Jeremy Corbyn’s wardrobe was the main preoccupation of the media last week, as the government ‘smothered’ a landmark policy reversal on white-collar crime.

This related to a new proposed offence of corporate failure to prevent economic crime, heavily touted by Serious Fraud Office director David Green QC (pictured) as a tool urgently needed in his armoury.

There is a legitimate debate to be had here. The effect the new offence would have on the burden of proof is unsettling for some lawyers. And perhaps, as one City lawyer told the Gazette, there will be renewed enthusiasm for looking at this again once the SFO has shown that it can bring successful prosecutions under the existing failing to prevent bribery offence. Perhaps.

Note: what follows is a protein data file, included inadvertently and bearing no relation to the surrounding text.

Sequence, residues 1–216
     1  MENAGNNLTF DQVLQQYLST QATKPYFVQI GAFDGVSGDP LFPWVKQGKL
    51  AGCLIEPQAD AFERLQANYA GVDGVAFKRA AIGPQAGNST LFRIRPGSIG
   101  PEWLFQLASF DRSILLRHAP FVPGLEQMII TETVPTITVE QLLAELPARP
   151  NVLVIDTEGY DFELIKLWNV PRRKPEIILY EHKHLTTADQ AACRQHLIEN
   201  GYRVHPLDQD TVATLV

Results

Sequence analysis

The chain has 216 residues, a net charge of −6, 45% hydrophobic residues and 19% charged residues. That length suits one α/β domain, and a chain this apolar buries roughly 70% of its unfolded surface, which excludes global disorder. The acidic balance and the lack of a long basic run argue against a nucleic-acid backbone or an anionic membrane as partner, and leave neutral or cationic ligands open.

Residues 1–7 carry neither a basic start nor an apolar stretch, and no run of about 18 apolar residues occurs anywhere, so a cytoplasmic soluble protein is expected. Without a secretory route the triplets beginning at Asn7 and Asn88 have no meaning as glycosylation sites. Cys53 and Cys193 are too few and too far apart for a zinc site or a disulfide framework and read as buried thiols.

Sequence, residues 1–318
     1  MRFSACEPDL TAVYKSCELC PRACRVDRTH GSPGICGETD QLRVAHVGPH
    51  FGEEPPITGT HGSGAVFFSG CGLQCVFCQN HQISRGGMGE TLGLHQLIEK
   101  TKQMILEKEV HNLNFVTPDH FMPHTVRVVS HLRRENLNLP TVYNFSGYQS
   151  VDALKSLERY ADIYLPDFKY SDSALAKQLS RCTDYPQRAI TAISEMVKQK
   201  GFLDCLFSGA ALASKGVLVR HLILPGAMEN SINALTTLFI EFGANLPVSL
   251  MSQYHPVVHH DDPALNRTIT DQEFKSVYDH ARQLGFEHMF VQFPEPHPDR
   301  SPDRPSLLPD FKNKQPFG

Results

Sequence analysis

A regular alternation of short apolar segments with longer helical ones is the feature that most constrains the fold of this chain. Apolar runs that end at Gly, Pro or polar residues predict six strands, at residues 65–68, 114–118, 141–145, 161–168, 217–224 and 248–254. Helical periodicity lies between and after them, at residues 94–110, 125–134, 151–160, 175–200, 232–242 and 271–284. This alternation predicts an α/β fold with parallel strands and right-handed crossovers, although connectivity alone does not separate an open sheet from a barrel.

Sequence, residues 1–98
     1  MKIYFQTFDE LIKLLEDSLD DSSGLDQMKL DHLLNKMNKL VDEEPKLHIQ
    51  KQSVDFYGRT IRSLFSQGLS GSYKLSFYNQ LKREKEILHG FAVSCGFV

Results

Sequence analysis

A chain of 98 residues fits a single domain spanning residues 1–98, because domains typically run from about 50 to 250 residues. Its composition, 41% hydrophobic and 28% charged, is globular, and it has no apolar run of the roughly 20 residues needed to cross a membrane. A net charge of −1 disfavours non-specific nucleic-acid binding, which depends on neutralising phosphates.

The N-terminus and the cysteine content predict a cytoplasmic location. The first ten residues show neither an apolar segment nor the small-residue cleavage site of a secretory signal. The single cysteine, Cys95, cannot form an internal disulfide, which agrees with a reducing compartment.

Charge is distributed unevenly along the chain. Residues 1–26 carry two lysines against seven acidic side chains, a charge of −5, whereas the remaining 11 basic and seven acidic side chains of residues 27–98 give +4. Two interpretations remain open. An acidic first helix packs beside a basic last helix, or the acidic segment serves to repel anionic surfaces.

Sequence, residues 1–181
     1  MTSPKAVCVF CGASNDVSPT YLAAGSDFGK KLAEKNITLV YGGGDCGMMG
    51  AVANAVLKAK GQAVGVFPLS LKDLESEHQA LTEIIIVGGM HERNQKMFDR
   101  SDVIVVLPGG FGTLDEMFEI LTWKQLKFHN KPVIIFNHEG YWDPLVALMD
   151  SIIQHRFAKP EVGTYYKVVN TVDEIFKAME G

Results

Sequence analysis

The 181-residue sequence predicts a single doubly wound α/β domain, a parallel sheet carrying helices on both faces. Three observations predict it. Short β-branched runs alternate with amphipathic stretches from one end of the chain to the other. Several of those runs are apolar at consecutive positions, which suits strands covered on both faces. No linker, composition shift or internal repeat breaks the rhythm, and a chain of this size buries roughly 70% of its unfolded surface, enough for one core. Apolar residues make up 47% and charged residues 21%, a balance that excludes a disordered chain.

It is also, doubtless, too simplistic merely to infer that as the 2008 crash fades into folk memory, this is another victory for a financial services lobby which has ensured we are pretty much back to business as usual in the City.

That spectacular convulsion did usher in a period when policymakers turned with envious eyes towards the US, where criminal investigations and arrests made examples of individuals and businesses of the sort that create a deterrent effect.

On last week’s evidence, here in the UK at least, that period is now officially over.